Private use of non-RFC1918 IP space (IPv6-MW)

Nathan Ward nanog at
Thu Feb 5 03:19:54 UTC 2009

On 5/02/2009, at 3:09 PM, Matthew Moyle-Croft wrote:

> TJ wrote:
>> No, we should hand each home a /56 (or perhaps a /48, for the  
>> purists out
>> there) - allowing for multiple segments (aka subnet, aka links,  
>> etc.).
> If there are, say, 250-500 million broadband services in the world  
> (probably more) then, if every ISP followed best practise for IPv6  
> address allocation, (sparse, bits for infrastructure, whatever etc)  
> then what percentage of the space do we have left if we hand out /56  
> or /48s?).  Taking into account the space already carved off for  
> link local, private addressing, US Military etc.
> Has anyone done some analysis of what this might look like?   
> Especially with growth etc.

My addressing plan works like this:

ISP gets /32, 2001:db8::/32
- 2001:db8:0::/48 = ISP use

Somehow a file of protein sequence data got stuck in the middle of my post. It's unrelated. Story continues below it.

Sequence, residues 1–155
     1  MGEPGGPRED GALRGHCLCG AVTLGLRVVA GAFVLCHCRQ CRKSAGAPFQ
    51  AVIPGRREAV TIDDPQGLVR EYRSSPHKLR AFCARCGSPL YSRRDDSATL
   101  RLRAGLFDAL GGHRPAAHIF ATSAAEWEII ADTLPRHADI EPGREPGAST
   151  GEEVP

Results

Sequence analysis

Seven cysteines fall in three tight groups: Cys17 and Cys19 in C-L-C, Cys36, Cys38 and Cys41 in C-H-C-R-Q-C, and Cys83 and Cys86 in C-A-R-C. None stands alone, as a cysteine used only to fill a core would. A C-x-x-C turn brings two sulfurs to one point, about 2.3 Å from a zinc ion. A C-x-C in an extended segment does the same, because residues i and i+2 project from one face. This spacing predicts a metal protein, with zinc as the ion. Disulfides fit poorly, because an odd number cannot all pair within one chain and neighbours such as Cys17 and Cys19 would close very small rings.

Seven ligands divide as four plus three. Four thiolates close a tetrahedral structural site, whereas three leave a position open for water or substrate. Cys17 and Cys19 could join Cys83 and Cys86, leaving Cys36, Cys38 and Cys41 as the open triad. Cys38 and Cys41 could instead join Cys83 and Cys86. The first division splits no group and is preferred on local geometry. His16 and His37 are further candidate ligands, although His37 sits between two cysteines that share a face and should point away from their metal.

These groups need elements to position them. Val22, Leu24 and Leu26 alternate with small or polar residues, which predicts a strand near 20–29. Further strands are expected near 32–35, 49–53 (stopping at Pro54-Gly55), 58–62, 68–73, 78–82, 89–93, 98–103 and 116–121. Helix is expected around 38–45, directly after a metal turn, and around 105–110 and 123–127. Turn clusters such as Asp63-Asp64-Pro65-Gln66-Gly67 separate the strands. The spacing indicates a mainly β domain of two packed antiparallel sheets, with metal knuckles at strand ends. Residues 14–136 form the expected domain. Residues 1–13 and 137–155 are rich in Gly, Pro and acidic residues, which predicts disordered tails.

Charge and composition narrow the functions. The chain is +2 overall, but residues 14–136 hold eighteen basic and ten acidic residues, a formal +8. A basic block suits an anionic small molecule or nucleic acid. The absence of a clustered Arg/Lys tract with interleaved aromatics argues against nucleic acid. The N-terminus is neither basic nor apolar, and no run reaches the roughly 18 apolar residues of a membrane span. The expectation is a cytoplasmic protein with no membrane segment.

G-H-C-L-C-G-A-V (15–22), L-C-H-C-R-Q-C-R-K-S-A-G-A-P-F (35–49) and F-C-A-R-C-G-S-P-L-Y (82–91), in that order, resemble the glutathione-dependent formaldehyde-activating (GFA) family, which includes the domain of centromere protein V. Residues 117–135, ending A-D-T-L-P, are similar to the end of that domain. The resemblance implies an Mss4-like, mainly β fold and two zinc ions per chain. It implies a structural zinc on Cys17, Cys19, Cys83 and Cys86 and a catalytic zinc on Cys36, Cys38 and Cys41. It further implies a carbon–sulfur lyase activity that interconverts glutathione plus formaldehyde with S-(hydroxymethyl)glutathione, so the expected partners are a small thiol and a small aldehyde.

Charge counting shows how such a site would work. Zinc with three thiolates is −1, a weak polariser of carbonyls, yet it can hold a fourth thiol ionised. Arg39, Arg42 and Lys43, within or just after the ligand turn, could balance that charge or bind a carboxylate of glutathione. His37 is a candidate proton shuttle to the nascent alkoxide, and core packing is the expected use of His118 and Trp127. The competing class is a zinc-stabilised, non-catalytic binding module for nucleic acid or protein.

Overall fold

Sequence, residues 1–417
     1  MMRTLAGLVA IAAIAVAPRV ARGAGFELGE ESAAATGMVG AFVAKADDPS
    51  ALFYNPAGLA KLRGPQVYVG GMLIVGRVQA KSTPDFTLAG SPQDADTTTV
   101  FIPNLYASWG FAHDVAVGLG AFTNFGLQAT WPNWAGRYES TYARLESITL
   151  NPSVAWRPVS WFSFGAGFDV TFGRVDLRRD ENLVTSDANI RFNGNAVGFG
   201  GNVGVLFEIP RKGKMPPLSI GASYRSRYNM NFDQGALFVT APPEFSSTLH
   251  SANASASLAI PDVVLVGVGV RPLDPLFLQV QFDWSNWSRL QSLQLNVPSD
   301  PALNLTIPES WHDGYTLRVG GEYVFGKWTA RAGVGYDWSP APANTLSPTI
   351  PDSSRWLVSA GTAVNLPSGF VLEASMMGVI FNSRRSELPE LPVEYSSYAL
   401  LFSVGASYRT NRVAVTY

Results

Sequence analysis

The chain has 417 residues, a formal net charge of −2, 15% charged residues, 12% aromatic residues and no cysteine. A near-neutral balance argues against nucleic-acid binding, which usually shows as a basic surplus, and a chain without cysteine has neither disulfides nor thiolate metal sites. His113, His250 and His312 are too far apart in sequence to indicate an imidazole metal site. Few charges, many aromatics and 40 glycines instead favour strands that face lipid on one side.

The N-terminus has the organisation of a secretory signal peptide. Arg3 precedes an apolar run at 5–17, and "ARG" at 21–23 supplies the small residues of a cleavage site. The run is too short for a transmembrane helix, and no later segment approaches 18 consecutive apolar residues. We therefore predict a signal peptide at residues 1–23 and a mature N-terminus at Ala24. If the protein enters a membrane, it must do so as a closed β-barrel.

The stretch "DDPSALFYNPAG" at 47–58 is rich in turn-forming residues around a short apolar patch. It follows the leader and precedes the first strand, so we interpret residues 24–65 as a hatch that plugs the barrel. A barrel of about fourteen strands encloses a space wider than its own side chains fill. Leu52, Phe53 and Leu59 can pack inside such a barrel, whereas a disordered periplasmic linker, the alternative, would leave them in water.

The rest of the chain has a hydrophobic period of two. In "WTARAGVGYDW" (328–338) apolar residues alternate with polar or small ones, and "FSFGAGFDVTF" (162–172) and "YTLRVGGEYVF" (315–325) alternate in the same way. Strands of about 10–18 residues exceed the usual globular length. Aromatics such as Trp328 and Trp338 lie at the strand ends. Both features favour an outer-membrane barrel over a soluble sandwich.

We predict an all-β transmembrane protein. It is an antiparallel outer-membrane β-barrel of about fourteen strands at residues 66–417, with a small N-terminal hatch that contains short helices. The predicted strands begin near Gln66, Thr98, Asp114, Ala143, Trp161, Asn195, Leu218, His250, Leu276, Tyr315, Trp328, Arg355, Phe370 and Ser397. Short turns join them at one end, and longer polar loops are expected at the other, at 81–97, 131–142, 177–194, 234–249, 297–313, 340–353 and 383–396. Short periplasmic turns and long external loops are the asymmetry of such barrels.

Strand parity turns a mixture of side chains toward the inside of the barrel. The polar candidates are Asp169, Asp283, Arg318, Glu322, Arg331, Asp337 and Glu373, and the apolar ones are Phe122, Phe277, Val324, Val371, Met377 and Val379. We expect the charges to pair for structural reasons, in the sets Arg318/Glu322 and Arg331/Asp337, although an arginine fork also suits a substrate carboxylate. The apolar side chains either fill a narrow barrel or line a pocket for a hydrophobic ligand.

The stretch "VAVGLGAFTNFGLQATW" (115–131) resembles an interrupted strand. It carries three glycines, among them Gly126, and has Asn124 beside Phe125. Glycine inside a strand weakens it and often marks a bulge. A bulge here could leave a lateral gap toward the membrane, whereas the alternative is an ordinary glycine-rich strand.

-- 2001:db8:0:0::/64 = infrastructure
--- 2001:db8:0:0:0:0:0::/112 = loopbacks ( 65536 )
--- 2001:db8:0:0:1:0:0::/112 through 2001:db8::ffff:ffff:ffff:0/112 = / 
112 link nets between ISP routers  ( 281474976710656 )
-- 2001:db8:0::/64 through 2001:db8:0:ffff::/64 = ISP networks, ie.  
servers, etc.
- 2001:db8:1::/64 through 2001:db8:ffff:ffff::/64 = customer networks.

Assuming the above, we have 65535 /48s available to customers, or  
16,711,680 /56s.

The "ISP use" /48 burns 256 /56s, or potential customers. So, like  
burning a /24 for the entire ISP operation.

So, if you have more than 65K business customers, get more than a /32.
If you have more than 16M residential or small business customers, get  
more than /32.

The above plan puts the addresses you type lots (loopbacks, link nets)  
on the shortest addresses you have - you can use the zero  
compression :: thing. These are also the addresses that cause the most  
trouble if fat fingered, so shorter addresses leave less room for error.
In addition, the entire first /64 (loopbacks, link nets) should never  
really receive packets from outside the network. Drop in an ACL.

Modification to the above plan is to use /64s for link nets between  
ISP routers, if you are worried about compatibility issues. You now  
have a trade off between 65k ISP server networks, and 65k link nets.  
Let's say 32k for each.

Nathan Ward

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